Authenticating meat and fish is also a highly valuable asset in risk assessment. According to the Food Authenticity Network, meat and meat products have shown a dramatic 388 percent increase in food fraud since the COVID-19 outbreak, so producers would be well advised to take every precaution.
At RSSL, for example, we provide semi‑quantitative and qualitative DNA testing for 20 species of meat and 50 species of fish. For producers of animal-based products, this service helps to guard against the damaging legal and reputational consequences of undeclared animal species, but it also has benefits for meat-free products.
This type of DNA-based testing is not only relevant for manufacturers of vegetarian products for ensuring cross contamination has not taken place before the ingredient arrives at the factory, it is also increasingly important for vegan alternatives. Clearly there are ethical implications involved when making vegan claims, but consumer safety is also a consideration. This is because evidence suggests that some consumers who are allergic to milk and eggs assume that a product positioned as vegan does not contain any animal derived products. Extending the validation testing parameters to include traces of egg and milk protein will help to substantiate vegan claims.
There are also practical and commercial advantages in carrying out certain types of testing on the composition of ingredients. Physical characterisation, for example, can alert producers to any potential manufacturing issues which could prove costly further down the line. Switching sugar suppliers, for example, may mean the new ingredient has a different particle size; a distinction which could lead to blockages in the manufacturing process or create an undesirable texture in the end product.
That is why we always recommend that a thorough risk assessment is proactively carried out before committing to any change in supplier. This approach will save a great deal of time, effort and resource. Otherwise, these issues may only come to light after production has started and prove costly.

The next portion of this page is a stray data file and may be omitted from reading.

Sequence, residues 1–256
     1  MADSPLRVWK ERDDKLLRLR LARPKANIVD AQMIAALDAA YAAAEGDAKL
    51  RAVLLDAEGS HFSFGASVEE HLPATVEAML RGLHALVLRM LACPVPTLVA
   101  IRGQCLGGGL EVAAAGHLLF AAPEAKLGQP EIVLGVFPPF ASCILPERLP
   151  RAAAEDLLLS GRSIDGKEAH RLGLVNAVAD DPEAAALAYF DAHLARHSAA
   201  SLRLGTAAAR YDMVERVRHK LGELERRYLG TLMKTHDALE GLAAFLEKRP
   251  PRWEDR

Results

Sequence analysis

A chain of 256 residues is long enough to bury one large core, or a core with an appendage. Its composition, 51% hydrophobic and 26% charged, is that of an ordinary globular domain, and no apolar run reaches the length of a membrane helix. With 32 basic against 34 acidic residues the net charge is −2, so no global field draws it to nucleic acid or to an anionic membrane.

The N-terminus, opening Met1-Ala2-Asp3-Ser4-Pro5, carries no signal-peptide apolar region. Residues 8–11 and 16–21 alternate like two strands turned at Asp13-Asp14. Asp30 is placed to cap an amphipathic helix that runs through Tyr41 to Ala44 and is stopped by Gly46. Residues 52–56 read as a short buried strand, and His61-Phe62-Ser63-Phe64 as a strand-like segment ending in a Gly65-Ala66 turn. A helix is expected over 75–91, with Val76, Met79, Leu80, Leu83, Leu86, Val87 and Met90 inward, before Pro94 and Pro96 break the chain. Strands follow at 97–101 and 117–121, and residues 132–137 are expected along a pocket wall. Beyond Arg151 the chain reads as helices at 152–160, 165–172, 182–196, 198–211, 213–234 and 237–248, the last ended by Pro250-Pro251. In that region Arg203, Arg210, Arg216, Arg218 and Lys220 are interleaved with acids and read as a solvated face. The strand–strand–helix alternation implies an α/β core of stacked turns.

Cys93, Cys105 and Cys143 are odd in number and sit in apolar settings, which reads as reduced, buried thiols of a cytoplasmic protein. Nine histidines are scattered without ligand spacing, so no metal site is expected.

That is not to say, they cannot be rectified if things do not go to plan. If a manufacturer does decide to buy from another supplier and runs into problems, a series of targeted analytical testing methods can be used to provide answers and establish why the end product no longer meets expectations.
An agile approach
The turbulent events of the last six months have undoubtedly challenged and tested the food supply chain in a way few could have predicted. It has changed the way the industry operates and how businesses interact, but it has also led to new and innovative approaches – some of which may remain in place long after lockdown measures have eased.
As the world braces for a possible second wave of COVID-19 and there is the potential for more localised lockdowns, having effective systems in place to keep operations running smoothly and safely will be essential for some time yet. Particularly as there is evidence that the pandemic may be creating more opportunities for food fraud.
For many manufacturers, extending supplier networks and establishing new relationships is likely to become a more regular occurrence, but it will demand a new level of agility. In this scenario, working with trusted partners to provide additional guidance and analytical data to accurately assess the risks will be key for those seeking to remain resilient in an uncertain world.
About the authors
Barbara Hirst is the Senior Consultant for Food Safety and Quality at RSSL. She has worked with the company since 1998 and in her role, guides clients on all aspects of allergen management – from risk assessment through to validation of controls. Using her scientific and technical knowledge, Barbara also advises regulators and industry on best practice approaches for sampling, testing, and validation of control measures.
Marta Ahijado joined RSSL in 2002 and is currently Head of Food R&D. During this time, she has provided technical solutions and direction across a diverse number of areas, including NPD, manufacturing processes, patent cases, crisis management, customer complaints and procurement. Marta graduated with a Master’s Degree in Analytical Chemistry and gained industry experience providing analytical services for agriculture, horticulture and environmental sectors.